The Nice Guys
by Hope Madden
Tell me you’ve seen any of the countless trailers for Shane Black’s new action comedy The Nice Guys. Funny! I haven’t had such high expectations for a new film yet this year.
Ever since Black announced his presence with authority, penning ‘87’s iconic buddy cop action flick Lethal Weapon, he’s been one to watch. Kiss Kiss Bang Bang, his directorial debut, suggested he might even be keeping his best stuff for himself. But after a while, his tics and tendencies grow tiresome.
The Long Kiss Goodnight, anyone?
And though his newest effort absolutely revisits most of the filmmaker’s by-now obvious predilections, his craftsmanship and casting have never been better.
Hey girl, guess what – Ryan Gosling is a hoot! No, no, I didn’t say he’s hot (as that goes without saying). He’s a hoot. And if you found his scene-stealing performance in last year’s gem The Big Short a refreshing and joyous change of pace for the award-bedecked actor, you will surely enjoy this masterpiece of comic timing and physicality.
Gosling plays Holland March, an alcoholic PI with questionable parenting skills who reluctantly teams up with muscle-for-hire Jackson Healy (Russell Crowe). What begins as a low-rent missing persons case snowballs into an enormous conspiracy involving porn, the government, and the all-powerful auto industry. (It is 1977, after all.)
Aah, 1977 – when everybody smoked, ogled women, and found alcoholism a laugh riot. Black puts this time machine quality to excellent use in a film that would have felt stale and rote during his Eighties heyday, but today it serves as an endlessly entertaining riff on all that was so wrong and so right about the Seventies.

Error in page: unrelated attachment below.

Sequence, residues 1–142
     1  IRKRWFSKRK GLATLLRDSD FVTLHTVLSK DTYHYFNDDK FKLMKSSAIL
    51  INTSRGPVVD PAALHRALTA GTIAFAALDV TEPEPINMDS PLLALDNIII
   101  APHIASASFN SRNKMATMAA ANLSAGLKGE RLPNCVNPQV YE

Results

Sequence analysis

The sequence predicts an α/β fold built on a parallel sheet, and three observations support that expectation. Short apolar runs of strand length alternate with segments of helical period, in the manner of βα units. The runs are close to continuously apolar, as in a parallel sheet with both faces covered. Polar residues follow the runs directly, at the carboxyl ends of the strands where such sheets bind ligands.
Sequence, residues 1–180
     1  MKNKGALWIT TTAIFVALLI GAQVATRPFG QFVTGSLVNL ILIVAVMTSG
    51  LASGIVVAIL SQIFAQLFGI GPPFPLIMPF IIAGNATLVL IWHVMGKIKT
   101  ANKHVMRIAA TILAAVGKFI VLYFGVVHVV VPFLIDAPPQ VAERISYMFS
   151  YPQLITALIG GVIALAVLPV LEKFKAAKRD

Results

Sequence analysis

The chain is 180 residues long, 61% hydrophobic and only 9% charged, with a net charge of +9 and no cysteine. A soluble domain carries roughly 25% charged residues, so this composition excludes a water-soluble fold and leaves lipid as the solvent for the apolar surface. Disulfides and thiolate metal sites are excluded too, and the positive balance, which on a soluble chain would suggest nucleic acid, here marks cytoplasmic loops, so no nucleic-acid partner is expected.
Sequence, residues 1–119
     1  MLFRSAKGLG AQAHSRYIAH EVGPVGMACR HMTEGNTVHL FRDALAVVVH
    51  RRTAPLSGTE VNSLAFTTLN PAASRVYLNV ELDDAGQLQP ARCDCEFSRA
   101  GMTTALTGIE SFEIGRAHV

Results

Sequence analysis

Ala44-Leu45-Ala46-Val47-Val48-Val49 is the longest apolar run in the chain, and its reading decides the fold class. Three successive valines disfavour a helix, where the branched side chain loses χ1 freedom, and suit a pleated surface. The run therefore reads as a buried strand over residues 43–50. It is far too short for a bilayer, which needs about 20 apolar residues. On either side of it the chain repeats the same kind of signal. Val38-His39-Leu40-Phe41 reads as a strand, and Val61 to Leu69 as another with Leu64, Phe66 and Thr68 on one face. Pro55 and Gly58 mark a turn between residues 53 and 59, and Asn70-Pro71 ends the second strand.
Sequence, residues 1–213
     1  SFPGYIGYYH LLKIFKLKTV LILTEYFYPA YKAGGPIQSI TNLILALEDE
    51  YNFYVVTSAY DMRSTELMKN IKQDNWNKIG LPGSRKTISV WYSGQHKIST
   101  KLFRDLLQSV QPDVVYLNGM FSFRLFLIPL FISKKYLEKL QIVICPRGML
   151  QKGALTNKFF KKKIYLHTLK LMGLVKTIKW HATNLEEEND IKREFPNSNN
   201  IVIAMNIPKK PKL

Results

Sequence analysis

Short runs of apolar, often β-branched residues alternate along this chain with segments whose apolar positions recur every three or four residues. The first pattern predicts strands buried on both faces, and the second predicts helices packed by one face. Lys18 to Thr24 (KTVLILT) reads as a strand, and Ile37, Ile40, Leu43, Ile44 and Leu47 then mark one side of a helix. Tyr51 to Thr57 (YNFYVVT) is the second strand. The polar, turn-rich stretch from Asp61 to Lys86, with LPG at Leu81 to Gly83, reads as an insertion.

A brightly lit (if smog-choked) Southern California noir-turned-buddy-action comedy, The Nice Guys does a surprisingly good job at finding its tone. All the lurid, twisty plot fodder could easily weigh the film down in gritty drama, but Shane’s heart is in the budding, unsanitized bromance.
Gosling’s impeccable hilarity is custom-made for Black’s machine gun fire dialog, but Crowe also manages to get comfortable in the script, allowing both the conversation and action to breathe and take shape. The pair’s chemistry is a joy to watch, and is aided immeasurably by Angourie Rice’s flinty, intelligent turn as March’s disappointed daughter, Holly.